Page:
The member has to bring their own SFP to connect to the IXP switch. The IXP operator simply provides the switch, and it is up to the member to procure and provide the SFP and the suitable single mode fibre optic patch lead to get from their installation to the IXP switch. The IXP (or building operator) will still do the install though.
Remote Peering means that the network operator connects to the Internet Exchange Point via a layer-2 infrastructure provider who is already physically present there. This avoids the hassles of the network operator having to provision their own physical infrastructure to connect to the IXP.
Connecting to the IXP via Remote Peering has fewer stages as the layer-2 infrastructure provider will already be present at the IXP.
The considerations are similar if the layer-2 infrastructure provider is used for providing transport to the upstream provider or private peer.
The first step for connecting to an IXP by using a Remote Peering service is to contract with an operator who is already present at the IXP in question to provide the agreed layer-2 capacity to the IXP.
Details of what this service and contract should look like are beyond the scope of the Peering Toolbox. However, it is important to ensure that the committed bandwidth from the layer-2 provider will meet the needs of the new member, and that this capacity can be easily upgraded or downgraded on reasonable notice. The last thing any IXP member will want is a congested IXP connection.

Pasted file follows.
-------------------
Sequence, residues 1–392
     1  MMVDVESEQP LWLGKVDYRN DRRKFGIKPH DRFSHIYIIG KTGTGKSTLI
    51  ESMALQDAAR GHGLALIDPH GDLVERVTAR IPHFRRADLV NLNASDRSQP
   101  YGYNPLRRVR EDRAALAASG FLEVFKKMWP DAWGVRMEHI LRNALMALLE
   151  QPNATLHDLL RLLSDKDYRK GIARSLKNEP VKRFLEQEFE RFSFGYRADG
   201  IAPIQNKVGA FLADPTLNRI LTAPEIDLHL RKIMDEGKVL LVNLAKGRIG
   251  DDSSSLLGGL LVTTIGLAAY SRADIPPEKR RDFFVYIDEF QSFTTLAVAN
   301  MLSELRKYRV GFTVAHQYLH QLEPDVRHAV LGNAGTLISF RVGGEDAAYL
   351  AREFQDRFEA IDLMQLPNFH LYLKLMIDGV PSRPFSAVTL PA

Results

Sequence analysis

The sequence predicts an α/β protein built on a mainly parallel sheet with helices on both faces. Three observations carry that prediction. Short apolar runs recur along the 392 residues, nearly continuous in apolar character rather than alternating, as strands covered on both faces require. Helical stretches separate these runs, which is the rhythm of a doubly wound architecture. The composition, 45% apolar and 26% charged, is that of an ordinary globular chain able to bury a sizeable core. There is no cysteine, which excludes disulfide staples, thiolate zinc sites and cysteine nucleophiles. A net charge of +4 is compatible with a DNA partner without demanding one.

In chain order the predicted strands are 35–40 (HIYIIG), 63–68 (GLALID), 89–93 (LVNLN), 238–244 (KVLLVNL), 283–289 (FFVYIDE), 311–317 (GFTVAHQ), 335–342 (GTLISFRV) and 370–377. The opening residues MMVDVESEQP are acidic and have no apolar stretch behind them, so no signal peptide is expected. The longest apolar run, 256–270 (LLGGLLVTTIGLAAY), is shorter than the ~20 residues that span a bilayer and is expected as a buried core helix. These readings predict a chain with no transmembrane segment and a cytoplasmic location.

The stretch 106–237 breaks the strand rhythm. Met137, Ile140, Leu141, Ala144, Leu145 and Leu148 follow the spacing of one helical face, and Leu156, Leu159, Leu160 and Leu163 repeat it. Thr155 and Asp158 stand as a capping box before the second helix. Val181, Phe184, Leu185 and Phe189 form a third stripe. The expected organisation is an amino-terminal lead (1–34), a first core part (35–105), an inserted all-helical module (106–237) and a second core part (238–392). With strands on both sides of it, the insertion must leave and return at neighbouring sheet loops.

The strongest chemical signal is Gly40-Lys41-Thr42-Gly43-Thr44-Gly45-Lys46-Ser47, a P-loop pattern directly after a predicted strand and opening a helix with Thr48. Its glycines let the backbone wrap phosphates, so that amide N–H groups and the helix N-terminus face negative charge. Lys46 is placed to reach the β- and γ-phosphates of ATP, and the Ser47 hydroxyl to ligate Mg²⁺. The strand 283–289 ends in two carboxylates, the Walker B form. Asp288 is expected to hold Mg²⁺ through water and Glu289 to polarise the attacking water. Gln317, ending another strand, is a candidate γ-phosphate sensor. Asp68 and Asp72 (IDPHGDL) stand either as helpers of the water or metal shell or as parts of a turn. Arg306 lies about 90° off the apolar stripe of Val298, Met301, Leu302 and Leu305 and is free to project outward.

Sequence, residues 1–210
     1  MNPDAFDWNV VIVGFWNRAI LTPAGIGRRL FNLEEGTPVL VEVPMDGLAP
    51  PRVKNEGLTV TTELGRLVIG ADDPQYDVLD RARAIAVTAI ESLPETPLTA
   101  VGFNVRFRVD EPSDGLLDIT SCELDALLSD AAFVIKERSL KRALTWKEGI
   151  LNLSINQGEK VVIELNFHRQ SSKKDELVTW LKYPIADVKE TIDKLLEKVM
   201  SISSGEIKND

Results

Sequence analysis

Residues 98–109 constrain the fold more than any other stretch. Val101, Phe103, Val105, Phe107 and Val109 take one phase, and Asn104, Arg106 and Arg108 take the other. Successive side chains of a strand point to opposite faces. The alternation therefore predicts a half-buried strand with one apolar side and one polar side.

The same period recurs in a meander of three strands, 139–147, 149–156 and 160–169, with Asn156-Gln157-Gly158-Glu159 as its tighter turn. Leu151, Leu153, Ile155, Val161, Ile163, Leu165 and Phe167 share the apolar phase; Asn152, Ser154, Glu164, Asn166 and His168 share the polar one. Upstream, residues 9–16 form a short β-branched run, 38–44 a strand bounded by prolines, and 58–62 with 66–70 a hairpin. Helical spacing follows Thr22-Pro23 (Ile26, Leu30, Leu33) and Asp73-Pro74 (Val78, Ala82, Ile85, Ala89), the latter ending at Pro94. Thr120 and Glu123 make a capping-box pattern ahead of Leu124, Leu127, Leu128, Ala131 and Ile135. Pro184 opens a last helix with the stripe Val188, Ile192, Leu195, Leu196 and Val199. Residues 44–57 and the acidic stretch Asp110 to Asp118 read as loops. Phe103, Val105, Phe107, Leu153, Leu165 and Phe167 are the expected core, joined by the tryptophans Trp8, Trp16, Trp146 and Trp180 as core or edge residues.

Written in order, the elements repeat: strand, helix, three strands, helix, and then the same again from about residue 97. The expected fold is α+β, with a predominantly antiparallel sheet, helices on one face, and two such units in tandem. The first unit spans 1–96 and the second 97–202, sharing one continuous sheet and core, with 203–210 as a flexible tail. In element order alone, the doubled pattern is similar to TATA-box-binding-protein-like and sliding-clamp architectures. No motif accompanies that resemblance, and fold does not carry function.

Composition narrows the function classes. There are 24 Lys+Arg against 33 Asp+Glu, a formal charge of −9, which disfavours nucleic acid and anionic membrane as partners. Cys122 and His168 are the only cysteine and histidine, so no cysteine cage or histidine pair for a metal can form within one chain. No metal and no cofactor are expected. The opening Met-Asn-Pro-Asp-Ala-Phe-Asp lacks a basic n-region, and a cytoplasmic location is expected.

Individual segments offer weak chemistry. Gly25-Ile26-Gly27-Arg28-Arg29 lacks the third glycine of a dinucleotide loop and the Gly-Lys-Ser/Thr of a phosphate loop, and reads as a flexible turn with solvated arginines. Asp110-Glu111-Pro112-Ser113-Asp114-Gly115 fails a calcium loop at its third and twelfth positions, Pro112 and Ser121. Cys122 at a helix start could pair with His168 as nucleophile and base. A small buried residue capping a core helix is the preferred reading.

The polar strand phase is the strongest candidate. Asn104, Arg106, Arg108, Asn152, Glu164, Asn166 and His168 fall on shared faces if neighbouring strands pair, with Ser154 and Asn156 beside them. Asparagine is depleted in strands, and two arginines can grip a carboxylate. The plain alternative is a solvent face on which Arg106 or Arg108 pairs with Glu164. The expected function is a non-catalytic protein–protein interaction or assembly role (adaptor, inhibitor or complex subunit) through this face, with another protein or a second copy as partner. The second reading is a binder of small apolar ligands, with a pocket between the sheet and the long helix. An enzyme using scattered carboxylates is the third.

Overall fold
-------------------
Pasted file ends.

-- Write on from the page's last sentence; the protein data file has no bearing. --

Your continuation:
Note that shared bandwidth is never a good idea for a peering (or transit) link as congestion will cause serious problems for what is really meant to be “unlimited” “free” capacity to other network operators.
The next step is to ensure that there is an available router. This router is normally dedicated only for peering connections, whether connecting to public peers at an IXP or private peers. If procuring a separate router dedicated to peering is not a possibility, it is possible that an existing router could be used, so long as it meets the appropriate technical requirements for participating in a peering infrastructure (full support of BGP, sufficient controlplane memory and CPU capacity).
Once the new member's router is in place and operational, a free port needs to be connected to the layer-2 infrastructure operator. The most common way is by ethernet whereby the remote IXP LAN is delivered over a particular identified VLAN. This method allows the layer-2 infrastructure operator to provide several different connectivity services to its customers, each allocated their own VLAN.
This could look something like this (using Cisco IOS CLI as an example):